The racist and unethical origins of modern gynecology
How the past affects present day obstetrics.
This piece is intended for educational purposes and not as a product endorsement.
Some of our knowledge of gynecology was acquired through unethical and racist practices (1). For instance, in the American South, enslaved people of African descent were forced to be the subjects of painful and unethical medical experiments, both in life and after death (1). We’ll explore this in greater depth below.
The influence of such history continues to impact the access and the quality of healthcare options, for everyone. Raising awareness of these unethical origins is the first step toward addressing racial bias within our healthcare systems and empowering everyone to seek the best treatment options possible.
Modern gynecology’s roots in American slavery
J. Marion Sims was a 19th century doctor who is controversially known as “the father of American gynecology.” He developed a device that preceded the modern speculum, as well as a surgical treatment to correct vesico-vaginal fistulas, an opening between the vaginal wall and the bladder that can develop following prolonged labor and vaginal birth (2, 3).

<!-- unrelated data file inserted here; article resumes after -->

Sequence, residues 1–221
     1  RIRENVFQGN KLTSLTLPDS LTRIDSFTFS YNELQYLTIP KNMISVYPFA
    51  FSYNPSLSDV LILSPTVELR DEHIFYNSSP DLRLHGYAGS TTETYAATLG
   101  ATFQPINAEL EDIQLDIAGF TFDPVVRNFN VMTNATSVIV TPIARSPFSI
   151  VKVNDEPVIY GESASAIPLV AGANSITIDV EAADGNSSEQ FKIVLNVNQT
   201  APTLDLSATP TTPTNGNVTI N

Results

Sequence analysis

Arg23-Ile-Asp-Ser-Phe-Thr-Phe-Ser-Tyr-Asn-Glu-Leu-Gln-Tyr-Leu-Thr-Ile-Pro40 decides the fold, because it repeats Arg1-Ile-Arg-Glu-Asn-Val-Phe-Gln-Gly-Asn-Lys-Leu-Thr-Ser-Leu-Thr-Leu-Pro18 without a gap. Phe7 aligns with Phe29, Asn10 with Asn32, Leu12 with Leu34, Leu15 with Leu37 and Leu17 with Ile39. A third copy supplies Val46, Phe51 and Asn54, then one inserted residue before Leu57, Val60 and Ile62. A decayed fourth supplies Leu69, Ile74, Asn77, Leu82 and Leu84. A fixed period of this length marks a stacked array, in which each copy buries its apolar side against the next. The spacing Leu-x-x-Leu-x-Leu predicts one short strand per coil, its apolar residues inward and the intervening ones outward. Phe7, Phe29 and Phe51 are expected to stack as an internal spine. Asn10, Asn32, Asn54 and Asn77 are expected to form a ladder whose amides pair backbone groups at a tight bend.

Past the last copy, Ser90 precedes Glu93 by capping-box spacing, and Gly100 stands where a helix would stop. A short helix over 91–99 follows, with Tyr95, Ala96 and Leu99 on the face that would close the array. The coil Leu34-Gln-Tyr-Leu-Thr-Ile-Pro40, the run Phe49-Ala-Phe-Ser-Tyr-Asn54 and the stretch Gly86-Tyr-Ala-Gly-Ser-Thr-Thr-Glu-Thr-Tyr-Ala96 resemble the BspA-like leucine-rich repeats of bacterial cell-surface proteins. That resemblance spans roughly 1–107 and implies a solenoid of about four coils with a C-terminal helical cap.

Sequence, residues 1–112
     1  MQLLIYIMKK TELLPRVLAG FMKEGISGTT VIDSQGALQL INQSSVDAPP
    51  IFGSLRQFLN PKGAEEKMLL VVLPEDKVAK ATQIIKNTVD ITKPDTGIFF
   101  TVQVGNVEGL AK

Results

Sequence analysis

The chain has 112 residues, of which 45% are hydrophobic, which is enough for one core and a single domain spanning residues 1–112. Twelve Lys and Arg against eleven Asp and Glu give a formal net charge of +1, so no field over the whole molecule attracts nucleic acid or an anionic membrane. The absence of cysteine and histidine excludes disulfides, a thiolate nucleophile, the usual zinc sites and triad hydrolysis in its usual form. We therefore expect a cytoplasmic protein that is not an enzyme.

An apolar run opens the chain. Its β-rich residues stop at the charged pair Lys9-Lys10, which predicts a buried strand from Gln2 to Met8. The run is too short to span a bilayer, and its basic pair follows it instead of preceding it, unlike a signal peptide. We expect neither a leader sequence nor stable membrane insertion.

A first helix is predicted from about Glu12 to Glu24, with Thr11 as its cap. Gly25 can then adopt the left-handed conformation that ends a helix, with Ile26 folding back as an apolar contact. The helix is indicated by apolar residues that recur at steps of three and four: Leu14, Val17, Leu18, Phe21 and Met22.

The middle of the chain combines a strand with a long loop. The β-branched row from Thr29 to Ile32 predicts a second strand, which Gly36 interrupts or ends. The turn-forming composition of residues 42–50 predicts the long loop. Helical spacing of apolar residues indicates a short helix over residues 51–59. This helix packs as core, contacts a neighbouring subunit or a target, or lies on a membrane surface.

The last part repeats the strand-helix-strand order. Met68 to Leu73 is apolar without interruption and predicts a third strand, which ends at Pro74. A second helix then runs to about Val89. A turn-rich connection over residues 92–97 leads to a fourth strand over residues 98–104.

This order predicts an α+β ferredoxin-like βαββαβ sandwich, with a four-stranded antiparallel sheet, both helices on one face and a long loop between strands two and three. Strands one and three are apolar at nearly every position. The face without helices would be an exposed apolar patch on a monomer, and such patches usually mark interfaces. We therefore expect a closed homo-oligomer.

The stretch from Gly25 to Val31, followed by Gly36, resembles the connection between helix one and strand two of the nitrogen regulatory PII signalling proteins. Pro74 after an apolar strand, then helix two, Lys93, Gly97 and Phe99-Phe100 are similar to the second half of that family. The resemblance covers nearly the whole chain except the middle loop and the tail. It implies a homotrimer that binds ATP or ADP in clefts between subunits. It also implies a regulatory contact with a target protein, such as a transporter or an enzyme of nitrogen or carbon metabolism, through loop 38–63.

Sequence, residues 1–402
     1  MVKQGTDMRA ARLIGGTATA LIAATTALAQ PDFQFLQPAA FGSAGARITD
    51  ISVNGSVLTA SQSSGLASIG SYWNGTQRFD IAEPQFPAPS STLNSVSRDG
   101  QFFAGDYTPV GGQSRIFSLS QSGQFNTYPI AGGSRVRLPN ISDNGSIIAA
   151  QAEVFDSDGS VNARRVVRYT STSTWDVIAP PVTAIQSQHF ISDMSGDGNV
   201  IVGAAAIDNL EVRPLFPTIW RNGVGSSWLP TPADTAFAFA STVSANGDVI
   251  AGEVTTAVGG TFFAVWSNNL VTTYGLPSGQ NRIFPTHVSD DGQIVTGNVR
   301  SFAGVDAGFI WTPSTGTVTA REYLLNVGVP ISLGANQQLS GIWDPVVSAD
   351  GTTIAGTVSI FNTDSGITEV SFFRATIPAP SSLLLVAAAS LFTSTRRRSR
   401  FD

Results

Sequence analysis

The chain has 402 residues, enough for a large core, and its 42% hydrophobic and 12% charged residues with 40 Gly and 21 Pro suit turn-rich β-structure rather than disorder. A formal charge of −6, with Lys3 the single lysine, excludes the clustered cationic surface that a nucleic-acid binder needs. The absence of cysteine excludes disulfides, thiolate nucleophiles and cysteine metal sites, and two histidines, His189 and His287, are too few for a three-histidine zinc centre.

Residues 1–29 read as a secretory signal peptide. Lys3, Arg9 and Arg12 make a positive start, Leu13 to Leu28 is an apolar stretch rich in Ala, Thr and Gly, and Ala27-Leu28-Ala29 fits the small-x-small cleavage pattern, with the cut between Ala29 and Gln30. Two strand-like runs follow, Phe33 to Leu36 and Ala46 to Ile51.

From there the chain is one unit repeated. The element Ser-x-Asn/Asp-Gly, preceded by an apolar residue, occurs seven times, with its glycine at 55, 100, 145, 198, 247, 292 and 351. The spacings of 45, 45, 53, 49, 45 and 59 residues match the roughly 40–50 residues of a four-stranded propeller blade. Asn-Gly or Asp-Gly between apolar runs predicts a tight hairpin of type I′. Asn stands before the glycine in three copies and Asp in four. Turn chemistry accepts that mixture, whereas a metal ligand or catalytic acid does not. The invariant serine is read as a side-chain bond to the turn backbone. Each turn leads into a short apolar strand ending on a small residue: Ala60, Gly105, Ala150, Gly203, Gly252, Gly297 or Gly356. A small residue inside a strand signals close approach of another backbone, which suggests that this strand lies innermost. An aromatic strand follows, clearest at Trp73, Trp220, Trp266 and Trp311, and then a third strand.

His techniques were refined through experimentation on enslaved women of African descent. We know the names of three of the women whom he experimented on: Anarcha, Betsey, and Lucy (2). Each of these women were operated on without anesthesia — as many as 30 times in 4 years — while Sims praised their ability to withstand pain (2). Such discriminatory thinking was common — for centuries, some physicians have believed that Black people can withstand more pain than white people (2).
Some of the practices that were developed by Sims from experimentation on enslaved women are still regularly used today (4), but the truth of their racist and inhumane origins is increasingly coming to light. In April 2018, debates raged as a decision was made to remove a statue of J. Marion Sims, in Central Park, in New York City (2).
Unethical practices in cervical cancer and HPV research
In 1951, an African American woman named Henrietta Lacks died of aggressive cervical cancer. While in treatment, samples of her cancerous tissue were given to researchers without her knowledge or her consent, a practice that was common at that time (5). Yet it was later found that these cells were unusually durable and had the capacity to reproduce prolifically, rendering them “immortal” (5).